A primary suspect in the trial over the 2015 massacres at satirical weekly Charlie Hebdo and elsewhere in Paris has today denied any responsibility for the attacks carried out by jihadists, one of whom was a close associate.
Ali Riza Polat, a 35-year-old Franco-Turkish man, was jailed a few weeks after the terror attack that stunned France, with investigators saying he tried to flee the country several times heading for Syria.
For his defence, Polat has chosen Isabelle Coutant-Peyre, the lawyer who defended the convicted international terrorist Ilich Ramirez Sanchez, better known as ‘Carlos the Jackal.’
She later became his companion and married him in a religious ceremony in prison, though the union has no legal validity.
This court sketch made today at the Paris courthouse shows the fourteen accused and their lawyers at the opening of the trial of the accomplices in Charlie Hebdo jihadist killings in 2015
For his defence, Polat has chosen Isabelle Coutant-Peyre (pictured), the lawyer who defended the convicted international terrorist Ilich Ramirez Sanchez
‘I am innocent!’ Polat told the court, his head shaved and his face hidden behind a cloth mask.
‘I’m here because certain people, lying squealers, said all sorts of nonsense… but they’re lying,’ he said.
Born in Istanbul, Polat moved to France when he was three and said he fell into petty crime when he was 13 or 14, later starting to deal drugs.
He grew up in the same rough Paris suburb of Grigny as Amedy Coulibaly, who killed a police officer on January 8, 2015 and four people at the Hyper Cacher Jewish supermarket the next day before being killed by police.
Those attacks came just after two brothers, Said and Cherif Kouachi, stormed the Charlie Hebdo offices, killing 12.
Isabelle Coutant-Peyre, lawyer for one of the defendant Ali Riza Polat, leaves the courtroom during a break on the opening day of the trial on Wednesday. Her client, a 35-year-old Franco-Turkish man, was jailed a few weeks after the terror attack that stunned France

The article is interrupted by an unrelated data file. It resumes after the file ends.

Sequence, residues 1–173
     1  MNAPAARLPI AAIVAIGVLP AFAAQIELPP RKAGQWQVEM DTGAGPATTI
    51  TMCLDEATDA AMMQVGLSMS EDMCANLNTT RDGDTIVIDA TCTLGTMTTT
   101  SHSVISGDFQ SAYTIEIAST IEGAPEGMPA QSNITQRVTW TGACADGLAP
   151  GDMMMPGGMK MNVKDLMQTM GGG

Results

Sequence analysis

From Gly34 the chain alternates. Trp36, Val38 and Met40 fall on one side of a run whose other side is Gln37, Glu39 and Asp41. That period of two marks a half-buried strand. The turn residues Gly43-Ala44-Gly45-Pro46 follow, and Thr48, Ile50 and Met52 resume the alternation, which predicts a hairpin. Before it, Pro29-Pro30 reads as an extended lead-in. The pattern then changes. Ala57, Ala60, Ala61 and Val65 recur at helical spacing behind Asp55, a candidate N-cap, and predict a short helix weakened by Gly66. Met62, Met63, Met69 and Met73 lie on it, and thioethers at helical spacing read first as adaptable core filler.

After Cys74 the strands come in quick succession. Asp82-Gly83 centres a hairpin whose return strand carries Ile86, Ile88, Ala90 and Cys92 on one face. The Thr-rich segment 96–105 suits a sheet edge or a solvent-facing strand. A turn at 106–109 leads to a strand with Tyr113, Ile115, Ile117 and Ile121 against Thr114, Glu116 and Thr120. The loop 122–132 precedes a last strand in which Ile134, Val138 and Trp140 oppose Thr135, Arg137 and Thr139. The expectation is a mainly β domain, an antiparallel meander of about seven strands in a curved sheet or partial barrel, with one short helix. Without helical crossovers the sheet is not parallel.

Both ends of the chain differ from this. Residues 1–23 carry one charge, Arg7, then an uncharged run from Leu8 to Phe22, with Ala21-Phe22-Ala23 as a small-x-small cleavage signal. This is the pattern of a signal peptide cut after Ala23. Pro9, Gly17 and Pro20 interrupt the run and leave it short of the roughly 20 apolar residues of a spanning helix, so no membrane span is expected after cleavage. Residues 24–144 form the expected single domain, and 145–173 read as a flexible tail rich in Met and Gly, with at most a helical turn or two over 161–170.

Suspected of helping provide the weapons for all three gunmen, Polat is facing the most serious charge among the 14 accused: complicity in a terrorist act, which carries a potential life sentence.
But Polat, who says he converted to Islam in 2014, insisted he had no role in the attacks.
‘I have nothing to do with them. You cannot kill the innocent… I am not violent,’ he said.
The trial of Polat and thirteen other suspects accused of aiding the three gunmen opened Wednesday, and is set to run until November.
Charlie Hebdo marked the occasion by reprinting the caricatures of the Prophet Mohammed that had angered Muslims around the world, a move that drew praise from free-speech advocates but anger from many Muslim leaders.
Supporters of hardline Islamist party Tehreek-e-Labbaik Pakistan carry placards and shout slogans during a protest against the reprinting cartoon of the Prophet Mohammad by French magazine Charlie Hebdo, in Rawalpindi on Friday
On Friday, the paper said its Wednesday edition sold out the first day, prompting it to print 200,000 more copies that will hit newsstands in the coming days.
Lawyer Coutant-Peyre has previously represented Zacarias Moussaoui, a French citizen who pleaded guilty to conspiring to kill American citizens as part of the September 11 attacks.
She represented Moussaoui early on during his imprisonment. He is currently serving six life sentences without parole at the Federal ADX Supermax prison in Florence, Colorado.
Also among her clients is French serial killer Charles Sobhraj, who preyed on Western tourists in Southeast Asia in the 1970s, and Roger Garaudy, a French philosopher and resistance fighter who was convicted and fined for Holocaust denial in 1998.
Carlos the Jackal
Venezuelan extremist Carlos the Jackal was responsible for a series of atrocities across France in the 1970s and 80s
Arguably the most notorious international terrorist of his generation, Venezuelan extremist Carlos the Jackal was responsible for a series of atrocities across France in the 1970s and 80s, slaughtering victims including police officers.
Carlos, whose real name is Ilich Ramirez Sanchez, was the world’s most wanted fugitive during this period and has been in prison in France since his arrest in the Sudanese capital Khartoum in 1994 by French elite police.
Carlos was convicted in 1997 of murdering two French police officers and an informant in 1975 in Paris and in 2011 of masterminding attacks on two trains, a train station and a Paris street that killed 11 people and wounded about 150 more.
He sealed his notoriety in 1975 with the hostage-taking of OPEC oil ministers in Vienna in the name of the Palestinian struggle, and went on to become an international gun-for-hire with Soviet bloc protectors.
In the 1970s and ’80s, the Marxist militant and self-dubbed ‘elite gunman’ became a symbol of Cold War anti-imperialism and public enemy number one for Western governments.
Carlos was finally arrested in Sudan by the French intelligence services in 1994, 20 years after his first mission on French soil.